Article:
Students at Texas A&M University and Texas A&M University-Kingsville will be part of a nationwide study aiming to determine whether young adults who have received the Moderna COVID-19 vaccine can still spread the virus to others.
The COVID-19 Prevention Network, headquartered at the Fred Hutchinson Cancer Research Center in Seattle, announced March 26 the launch of the Prevent COVID U study, which involves students from colleges and universities across the country. Researchers from the Texas A&M University Health Science Center are involved in data collection for the study.
“University students were selected for the study because of high-density housing, zeal to socialize more and less fear of severe disease. These factors are associated with the high burden of SARS-CoV-2 infection on university campuses,” George Udeani, professor at Texas A&M’s College of Pharmacy, said in a university press release.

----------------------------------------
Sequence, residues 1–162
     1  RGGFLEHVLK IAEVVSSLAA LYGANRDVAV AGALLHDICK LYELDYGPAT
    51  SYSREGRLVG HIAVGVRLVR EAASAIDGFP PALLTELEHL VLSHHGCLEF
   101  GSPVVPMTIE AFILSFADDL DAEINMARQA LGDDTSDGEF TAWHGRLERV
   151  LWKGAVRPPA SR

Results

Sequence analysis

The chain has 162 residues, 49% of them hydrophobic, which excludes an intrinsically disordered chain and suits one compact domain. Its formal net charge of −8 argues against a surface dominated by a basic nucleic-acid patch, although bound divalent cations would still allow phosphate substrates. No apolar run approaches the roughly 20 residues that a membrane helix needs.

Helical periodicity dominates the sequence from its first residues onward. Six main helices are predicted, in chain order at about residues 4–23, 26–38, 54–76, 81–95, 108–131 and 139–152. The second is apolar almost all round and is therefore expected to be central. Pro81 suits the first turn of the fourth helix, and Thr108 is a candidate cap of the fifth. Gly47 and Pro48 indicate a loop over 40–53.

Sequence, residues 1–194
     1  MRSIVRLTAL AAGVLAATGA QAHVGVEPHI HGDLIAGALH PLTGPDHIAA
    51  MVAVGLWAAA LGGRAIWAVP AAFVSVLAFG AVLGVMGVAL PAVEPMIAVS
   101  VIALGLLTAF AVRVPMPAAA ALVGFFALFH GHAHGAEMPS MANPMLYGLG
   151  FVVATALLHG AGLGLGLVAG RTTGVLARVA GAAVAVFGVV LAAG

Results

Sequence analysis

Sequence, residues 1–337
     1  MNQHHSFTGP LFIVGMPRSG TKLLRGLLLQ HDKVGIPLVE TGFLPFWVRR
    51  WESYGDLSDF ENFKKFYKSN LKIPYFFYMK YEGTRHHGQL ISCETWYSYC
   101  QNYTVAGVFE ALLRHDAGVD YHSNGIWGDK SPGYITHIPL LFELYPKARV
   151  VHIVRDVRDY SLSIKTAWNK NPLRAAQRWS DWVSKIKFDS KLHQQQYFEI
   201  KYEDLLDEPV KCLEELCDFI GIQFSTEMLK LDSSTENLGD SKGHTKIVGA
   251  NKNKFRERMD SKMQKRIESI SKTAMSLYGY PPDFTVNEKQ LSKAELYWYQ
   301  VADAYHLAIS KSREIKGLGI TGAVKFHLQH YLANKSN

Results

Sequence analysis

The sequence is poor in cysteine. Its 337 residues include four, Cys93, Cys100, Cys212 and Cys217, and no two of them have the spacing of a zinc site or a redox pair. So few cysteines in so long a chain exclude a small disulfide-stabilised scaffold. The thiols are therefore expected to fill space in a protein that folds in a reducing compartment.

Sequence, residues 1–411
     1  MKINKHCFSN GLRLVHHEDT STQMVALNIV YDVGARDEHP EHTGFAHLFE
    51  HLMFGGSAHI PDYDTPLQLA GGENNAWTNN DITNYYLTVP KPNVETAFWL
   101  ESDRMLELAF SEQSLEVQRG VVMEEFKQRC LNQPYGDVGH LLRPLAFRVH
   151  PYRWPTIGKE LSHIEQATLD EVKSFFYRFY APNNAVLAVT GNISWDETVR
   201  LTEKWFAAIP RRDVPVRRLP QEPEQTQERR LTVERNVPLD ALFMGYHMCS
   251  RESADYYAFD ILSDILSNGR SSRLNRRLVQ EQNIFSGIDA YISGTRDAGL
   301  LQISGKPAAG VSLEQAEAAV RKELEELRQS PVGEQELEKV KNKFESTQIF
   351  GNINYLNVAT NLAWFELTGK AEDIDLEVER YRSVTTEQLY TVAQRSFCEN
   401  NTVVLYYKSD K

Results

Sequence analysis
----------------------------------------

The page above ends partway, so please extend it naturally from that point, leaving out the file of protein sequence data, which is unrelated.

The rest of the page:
In total, 12,000 students from 21 universities will participate in the study, and the ages of the participants range from 18 to 26, according to a Tuesday article from the Denver Post.
“This is an incredible opportunity for students of Texas A&M to be part of something big,” Rebecca Fischer, a professor at Texas A&M’s School of Public Health, said in a press release. “The scientific evidence we build will help answer some of the most important questions the world has at this moment about how vaccines work to prevent infections in a real-world scenario. Through this study, we can start answering these questions in the next few months.”